|Publication number||US4073090 A|
|Application number||US 05/700,502|
|Publication date||Feb 14, 1978|
|Filing date||Jun 28, 1976|
|Priority date||Jun 28, 1976|
|Publication number||05700502, 700502, US 4073090 A, US 4073090A, US-A-4073090, US4073090 A, US4073090A|
|Inventors||Angelo P. Lucia|
|Original Assignee||Tree Guying Systems, Inc.|
|Export Citation||BiBTeX, EndNote, RefMan|
|Patent Citations (8), Referenced by (19), Classifications (6)|
|External Links: USPTO, USPTO Assignment, Espacenet|
1. Field of the Invention
This invention relates to the field of tree guying systems that generally comprise a tree trunk grasping collar and anchoring (guy) wires that extend therefrom to an immoveable surface or object such as the ground. These systems are utilized by the landscape contractors, arborists and tree nursery professions to provide additional support during wind storms to newly planted trees until their roots are firmly anchored to the ground by natural growth and they are self-supporting.
2. Description of the Prior Art
Tree guying systems are used to support young or newly transplanted trees whose roots have not had a chance to grow into the undisturbed earth sufficiently to prevent them from overturning or otherwise exposing their roots to the air under the influence of strong surface winds. Probably the crudest form of a tree guying system is a staff pounded into the ground next to the young tree trunk and lashed thereto with rope or other tying means. This practice has long since fallen from favor because the staff often disrupts and breaks vital root fibers of the already established tree and further causes the tree bark to abrade during contact with the staff, especially when the wind blows the tree back and forth. Later development involved removing the staff from adjacent the tree trunk and guying the tree with a series of wires or ropes that stretched from a collar around the tree trunk to some distant support to provide a more favorable environment to the roots.
Tree guying systems have been the subject of a number of patents. U.S. Pat. No. 720,667 to William Cartwright discloses a rigid collar fastened around the tree trunk and adapted for fastening to a vertical staff driven into the ground along side the trunk. Inside the collar, a second, yieldable concentric collar is placed fully around the tree trunk and held spaced apart from the main collar through a series of metal springs. This device presents two distinct disadvantages in addition to the previously described problems with a vertical staff. First, the full collar fastened about the tree trunk tends to strangle the tree and to prevent the passage of vital tree-growing fluids from the root system upward through the xylem layer to the limbs of the tree. Vital fluids pass upward and downward in the cambium layer just under the bark of the tree, and where this fluid flow is restricted by a close-fitting fully-encircling collar, the development of the tree is retarded. Secondly, the rigid outer collar of the guying system requires physical disengagement from the tree trunk after the tree has reached a self-supporting size. Although this is not a serious problem with isolated tree guying systems, the extra manpower required for disengaging a large number of rigid collars in an area of widespread landscaping gives rise to excessive costs.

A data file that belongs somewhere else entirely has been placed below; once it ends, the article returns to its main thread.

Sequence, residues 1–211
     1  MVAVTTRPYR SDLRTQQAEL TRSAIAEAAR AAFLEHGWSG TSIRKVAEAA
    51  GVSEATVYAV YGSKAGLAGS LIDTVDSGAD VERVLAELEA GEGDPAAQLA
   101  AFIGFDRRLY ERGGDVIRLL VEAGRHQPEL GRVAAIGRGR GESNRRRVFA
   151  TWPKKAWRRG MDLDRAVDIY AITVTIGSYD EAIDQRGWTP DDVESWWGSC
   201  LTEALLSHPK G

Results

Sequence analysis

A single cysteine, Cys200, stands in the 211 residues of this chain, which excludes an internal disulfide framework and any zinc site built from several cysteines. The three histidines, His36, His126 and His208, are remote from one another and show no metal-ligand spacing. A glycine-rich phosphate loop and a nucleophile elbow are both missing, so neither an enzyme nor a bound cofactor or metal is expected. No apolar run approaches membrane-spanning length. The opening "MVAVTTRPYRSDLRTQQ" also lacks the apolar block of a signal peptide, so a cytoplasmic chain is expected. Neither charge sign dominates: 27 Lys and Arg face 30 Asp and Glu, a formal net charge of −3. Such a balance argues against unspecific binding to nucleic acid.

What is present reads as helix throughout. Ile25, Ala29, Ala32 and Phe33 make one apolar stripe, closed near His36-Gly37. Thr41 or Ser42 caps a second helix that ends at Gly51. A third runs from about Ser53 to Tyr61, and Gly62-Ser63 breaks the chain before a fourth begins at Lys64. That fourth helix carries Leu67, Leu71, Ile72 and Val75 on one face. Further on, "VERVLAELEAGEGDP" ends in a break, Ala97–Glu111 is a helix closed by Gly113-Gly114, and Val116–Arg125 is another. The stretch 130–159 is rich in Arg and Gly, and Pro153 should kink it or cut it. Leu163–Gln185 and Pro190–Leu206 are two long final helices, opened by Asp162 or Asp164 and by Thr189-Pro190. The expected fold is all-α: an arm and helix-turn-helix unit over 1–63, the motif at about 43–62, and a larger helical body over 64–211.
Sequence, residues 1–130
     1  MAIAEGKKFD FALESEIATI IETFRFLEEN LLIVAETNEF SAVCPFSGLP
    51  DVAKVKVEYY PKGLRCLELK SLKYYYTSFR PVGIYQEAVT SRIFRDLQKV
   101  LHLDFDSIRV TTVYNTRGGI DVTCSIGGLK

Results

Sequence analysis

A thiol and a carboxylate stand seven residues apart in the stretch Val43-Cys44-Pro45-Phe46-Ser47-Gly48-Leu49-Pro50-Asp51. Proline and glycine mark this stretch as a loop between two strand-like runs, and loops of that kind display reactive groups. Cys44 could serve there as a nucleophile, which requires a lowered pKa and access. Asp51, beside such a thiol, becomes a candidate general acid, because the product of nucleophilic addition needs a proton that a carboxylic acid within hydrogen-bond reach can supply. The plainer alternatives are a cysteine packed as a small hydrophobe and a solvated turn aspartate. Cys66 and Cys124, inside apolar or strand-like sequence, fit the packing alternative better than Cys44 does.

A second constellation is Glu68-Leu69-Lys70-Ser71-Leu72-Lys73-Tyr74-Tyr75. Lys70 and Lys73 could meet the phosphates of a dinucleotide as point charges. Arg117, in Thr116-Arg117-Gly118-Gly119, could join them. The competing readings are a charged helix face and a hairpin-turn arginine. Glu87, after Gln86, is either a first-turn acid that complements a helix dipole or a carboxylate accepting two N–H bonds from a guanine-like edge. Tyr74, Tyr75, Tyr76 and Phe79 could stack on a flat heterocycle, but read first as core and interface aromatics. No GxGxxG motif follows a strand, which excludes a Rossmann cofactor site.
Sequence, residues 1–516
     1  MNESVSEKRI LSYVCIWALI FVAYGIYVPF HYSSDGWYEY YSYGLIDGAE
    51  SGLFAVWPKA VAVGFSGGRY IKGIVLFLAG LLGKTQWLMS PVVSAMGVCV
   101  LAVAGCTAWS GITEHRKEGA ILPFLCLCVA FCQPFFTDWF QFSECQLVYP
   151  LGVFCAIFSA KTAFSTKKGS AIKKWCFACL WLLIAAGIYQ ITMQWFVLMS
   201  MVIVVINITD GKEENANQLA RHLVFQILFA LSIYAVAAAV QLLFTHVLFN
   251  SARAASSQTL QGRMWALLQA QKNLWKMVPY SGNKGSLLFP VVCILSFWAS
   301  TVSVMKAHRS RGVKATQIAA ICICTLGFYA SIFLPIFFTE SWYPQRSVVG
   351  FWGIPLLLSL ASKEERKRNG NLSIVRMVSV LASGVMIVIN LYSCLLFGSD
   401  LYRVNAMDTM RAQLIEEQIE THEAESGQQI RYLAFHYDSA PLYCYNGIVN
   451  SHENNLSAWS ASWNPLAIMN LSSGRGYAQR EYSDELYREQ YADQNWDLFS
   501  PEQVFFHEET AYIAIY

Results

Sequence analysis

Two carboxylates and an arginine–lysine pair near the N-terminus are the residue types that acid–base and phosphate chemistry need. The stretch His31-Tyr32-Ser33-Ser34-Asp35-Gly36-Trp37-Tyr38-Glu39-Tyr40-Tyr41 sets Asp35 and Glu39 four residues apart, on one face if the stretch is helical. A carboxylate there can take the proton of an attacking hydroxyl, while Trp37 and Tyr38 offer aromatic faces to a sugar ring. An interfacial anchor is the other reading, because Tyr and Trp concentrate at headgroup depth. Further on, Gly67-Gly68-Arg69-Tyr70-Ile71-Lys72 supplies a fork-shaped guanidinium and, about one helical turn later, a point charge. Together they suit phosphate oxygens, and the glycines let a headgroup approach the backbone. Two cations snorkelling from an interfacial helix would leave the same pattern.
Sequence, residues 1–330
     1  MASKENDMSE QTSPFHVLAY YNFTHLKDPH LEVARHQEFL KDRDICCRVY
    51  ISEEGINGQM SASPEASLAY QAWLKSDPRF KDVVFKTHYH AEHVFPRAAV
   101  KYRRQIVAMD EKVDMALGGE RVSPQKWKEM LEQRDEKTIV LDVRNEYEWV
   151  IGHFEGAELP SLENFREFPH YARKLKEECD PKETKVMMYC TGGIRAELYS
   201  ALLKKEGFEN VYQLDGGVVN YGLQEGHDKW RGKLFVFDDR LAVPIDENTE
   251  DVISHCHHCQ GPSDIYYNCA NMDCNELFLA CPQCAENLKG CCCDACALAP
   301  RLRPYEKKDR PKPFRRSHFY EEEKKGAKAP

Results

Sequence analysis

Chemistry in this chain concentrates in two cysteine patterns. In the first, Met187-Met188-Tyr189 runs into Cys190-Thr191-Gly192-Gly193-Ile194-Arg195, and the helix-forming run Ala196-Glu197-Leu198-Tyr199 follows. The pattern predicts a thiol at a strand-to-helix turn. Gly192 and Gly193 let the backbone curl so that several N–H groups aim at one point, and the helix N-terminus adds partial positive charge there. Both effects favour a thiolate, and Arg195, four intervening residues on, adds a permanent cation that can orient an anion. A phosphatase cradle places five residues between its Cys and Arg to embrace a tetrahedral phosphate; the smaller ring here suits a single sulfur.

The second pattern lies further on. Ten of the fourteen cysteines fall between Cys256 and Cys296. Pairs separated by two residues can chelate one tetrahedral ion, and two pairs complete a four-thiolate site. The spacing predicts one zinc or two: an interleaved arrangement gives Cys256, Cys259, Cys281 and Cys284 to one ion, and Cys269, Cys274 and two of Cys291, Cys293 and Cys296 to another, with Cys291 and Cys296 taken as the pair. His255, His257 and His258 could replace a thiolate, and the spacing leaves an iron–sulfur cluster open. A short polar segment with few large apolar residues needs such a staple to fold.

U.S. Pat. No. 2,501,255 granted to R. O. Bell discloses an elongated split collar for straightening a tree trunk. This collar encompasses not only the full circumference of the tree but an extensive vertical section thereof and is held together with a pair of rigid "C" clamps. The extensive coverage of the tree trunk by the tightly squeezed rigid collar halves will seriously affect the development of the tree during its young life and further requires the aforesaid additional manpower to remove the guying system after sufficient growth is accomplished.
U.S. Pat. No. 3,226,822 to J. P. Lichtenthaler discloses a resilient strip of material used to lash a vertical staff against a tree trunk. In addition to the disadvantages of using a vertical staff adjacent a tree trunk that penetrates through the developing root system, when the strip is tightly wrapped around the tree trunk, it reduces fluid flow in the xylem layer and adversely affects tree growth, and when the strip is loosely or partially wrapped around the tree trunk, it will abrade the tree as the tree moves, as in the wind damaging the bark and making the tree susceptible to disease and fungal and/or insect attack.
U.S. Pat. No. 3,505,761 granted by J. Prieur discloses another type of tree support for use with a vertically oriented staff pounded into the ground adjacent the tree trunk. This support has a combination of the previously discussed disadvantages.
All of these patents exhibit the underlying disadvantages of adverse effects on tree health and/or tree growth combined with the requirement for extra manpower to remove the system from the tree after sufficient tree growth is present.
This invention eliminates both the serious cambium layer strangulation problems of previous designs and the requirement physically to detach the tree support system from the tree after self-sufficiency has been attained. The invention comprises a low-cost tree guying system specifically involving a tree trunk collar that is held away from the trunk in concentric relation thereto by a plurality of inwardly projecting lugs of yieldable material contacting the tree with a very low surface area and that features a release mechanism that causes the collar to disengage from the tree trunk and fall to the ground after a predetermined amount of tree trunk expansion that is concomitant with the vertical growth of the tree to a height and size wherein it becomes self-supporting and proper rooting is assured. A similar type of collar is shown in U.S. Pat. No. 497,853 granted to James Wright, but that collar surrounds a supporting staff or upright rather than a tree trunk and, therefore, has no release mechanism. Once the tree guying system of this invention is affixed to the trunk of a tree, the tree will be able to root and grow normally and the collar of the guying system will disengage form the tree under the action of tree expansion alone thus eliminating the need for further personal attention.